Computer program learns to play classic NES games
Readers of a certain age will recall spending a substantial amount of time during childhood playing games like Super Mario Bros. on the Nintendo Entertainment System (NES). Little did you know that all those hours spent staring at the radiant glow of the TV screen was just one marginally efficient path to victory. PhD computer science researcher Tom “Tom7” Murphy has developed a program called Playfun that can play NES games by itself. Surely the robots are ready to take over now.
The full (and very science-y) details of the process are available in the paper, titled “The First Level of Super Mario Bros. is Easy with Lexicographic Orderings and Time Travel… after that it gets a little tricky.” Just to be clear, this is a real paper that was published in SIGBOVIK 2013. The 22-page paper is a little dense, so Tom7 has thoughtfully recorded the above video version, and it’s amazing.
The technique he used leverages lexicographic orderings, a way of sorting items based on size or ranking. It’s the same way a dictionary is sorted, but Tom7 used lexicographic orderings to describe what it means to “win” a video game. There are certain things that increase when playing a game like Super Mario Bros. The score and level number will go up, for example. With enough data, Tom7 figured he could train Playfun to play the game.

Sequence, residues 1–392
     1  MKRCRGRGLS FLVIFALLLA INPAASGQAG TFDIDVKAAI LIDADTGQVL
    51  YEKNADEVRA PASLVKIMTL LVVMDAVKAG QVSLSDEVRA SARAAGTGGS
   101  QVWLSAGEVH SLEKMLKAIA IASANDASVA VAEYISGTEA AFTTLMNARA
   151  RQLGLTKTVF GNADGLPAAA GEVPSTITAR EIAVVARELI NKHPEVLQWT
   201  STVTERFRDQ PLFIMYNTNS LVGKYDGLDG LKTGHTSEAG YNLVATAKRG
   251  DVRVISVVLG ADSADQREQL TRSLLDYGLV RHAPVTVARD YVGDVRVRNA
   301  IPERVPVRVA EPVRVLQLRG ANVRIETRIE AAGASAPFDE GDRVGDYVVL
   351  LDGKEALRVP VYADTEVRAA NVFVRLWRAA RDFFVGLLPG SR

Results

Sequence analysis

The NES has just 2048 bytes of RAM, which isn’t a lot. Tom simply played the game himself and captured the RAM state every frame for several minutes. This block of data contains patterns — some of the RAM states are going up according to lexicographic ordering. The program can then play the game and emulate the RAM states, try various button inputs, and see if it can get the RAM to increment in the right direction.
That’s how you get to a program that can play Super Mario Bros without caring about the actual output. Playfun isn’t looking at the screen, it’s just trying to win with math. It can calculate ahead and anticipate actions based on the data it has. What’s particularly crazy is that Playfun instantly learns how to exploit bugs in the game. It doesn’t play like a human — Playfun plays with the cold methodical ruthlessness of a machine.
Super Mario Bros. works well, but some other games don’t obey the same rules. The Karate Kid, for instance, beats the machine every time. There are strategic elements in this title that don’t figure into lexicographic ordering.
If we can say anything, it’s that Tom7 is putting his PhD to use in the most awesome way. Feel free to dive into the full paper if you’re the intellectual sort. Playfun’s code is also posted to SourceForge for anyone to poke around with.
Now read: Macintosh Classic becomes NES arcade using a Raspberry Pi